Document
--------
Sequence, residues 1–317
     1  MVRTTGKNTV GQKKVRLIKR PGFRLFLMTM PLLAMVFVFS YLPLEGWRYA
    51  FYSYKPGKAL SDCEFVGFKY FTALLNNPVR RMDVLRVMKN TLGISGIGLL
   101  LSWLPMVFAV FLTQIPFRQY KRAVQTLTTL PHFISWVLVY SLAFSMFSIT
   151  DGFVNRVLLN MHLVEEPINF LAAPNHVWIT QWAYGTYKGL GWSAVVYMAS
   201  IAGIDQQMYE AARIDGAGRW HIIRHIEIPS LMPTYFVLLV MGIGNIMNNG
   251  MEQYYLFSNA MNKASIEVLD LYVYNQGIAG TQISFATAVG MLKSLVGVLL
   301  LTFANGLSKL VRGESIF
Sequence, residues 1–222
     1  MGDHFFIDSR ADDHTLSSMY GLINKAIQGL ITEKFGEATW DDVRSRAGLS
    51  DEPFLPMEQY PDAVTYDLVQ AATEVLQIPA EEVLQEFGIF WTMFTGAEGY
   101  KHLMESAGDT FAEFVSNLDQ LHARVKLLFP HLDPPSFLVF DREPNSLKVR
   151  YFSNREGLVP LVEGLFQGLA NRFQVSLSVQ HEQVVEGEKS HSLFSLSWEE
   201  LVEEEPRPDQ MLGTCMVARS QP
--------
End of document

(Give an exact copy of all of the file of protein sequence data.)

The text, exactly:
Sequence, residues 1–317
     1  MVRTTGKNTV GQKKVRLIKR PGFRLFLMTM PLLAMVFVFS YLPLEGWRYA
    51  FYSYKPGKAL SDCEFVGFKY FTALLNNPVR RMDVLRVMKN TLGISGIGLL
   101  LSWLPMVFAV FLTQIPFRQY KRAVQTLTTL PHFISWVLVY SLAFSMFSIT
   151  DGFVNRVLLN MHLVEEPINF LAAPNHVWIT QWAYGTYKGL GWSAVVYMAS
   201  IAGIDQQMYE AARIDGAGRW HIIRHIEIPS LMPTYFVLLV MGIGNIMNNG
   251  MEQYYLFSNA MNKASIEVLD LYVYNQGIAG TQISFATAVG MLKSLVGVLL
   301  LTFANGLSKL VRGESIF
Sequence, residues 1–222
     1  MGDHFFIDSR ADDHTLSSMY GLINKAIQGL ITEKFGEATW DDVRSRAGLS
    51  DEPFLPMEQY PDAVTYDLVQ AATEVLQIPA EEVLQEFGIF WTMFTGAEGY
   101  KHLMESAGDT FAEFVSNLDQ LHARVKLLFP HLDPPSFLVF DREPNSLKVR
   151  YFSNREGLVP LVEGLFQGLA NRFQVSLSVQ HEQVVEGEKS HSLFSLSWEE
   201  LVEEEPRPDQ MLGTCMVARS QP